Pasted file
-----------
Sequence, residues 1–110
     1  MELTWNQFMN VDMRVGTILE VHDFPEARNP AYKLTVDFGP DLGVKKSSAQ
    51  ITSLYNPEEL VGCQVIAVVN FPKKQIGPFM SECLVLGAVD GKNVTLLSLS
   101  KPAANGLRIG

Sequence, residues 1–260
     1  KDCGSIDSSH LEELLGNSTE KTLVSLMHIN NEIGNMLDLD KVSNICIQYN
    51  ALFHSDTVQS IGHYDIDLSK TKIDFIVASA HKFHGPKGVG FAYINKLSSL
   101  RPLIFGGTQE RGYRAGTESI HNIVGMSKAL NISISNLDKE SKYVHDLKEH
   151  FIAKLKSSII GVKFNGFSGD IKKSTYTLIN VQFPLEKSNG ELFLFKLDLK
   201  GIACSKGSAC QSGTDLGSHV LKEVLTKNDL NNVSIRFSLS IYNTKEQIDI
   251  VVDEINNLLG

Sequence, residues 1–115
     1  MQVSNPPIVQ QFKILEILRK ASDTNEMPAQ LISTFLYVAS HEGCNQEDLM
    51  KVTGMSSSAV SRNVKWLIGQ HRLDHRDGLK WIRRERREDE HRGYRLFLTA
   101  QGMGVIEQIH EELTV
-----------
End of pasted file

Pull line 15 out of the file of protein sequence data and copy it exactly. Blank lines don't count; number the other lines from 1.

   101  QGMGVIEQIH EELTV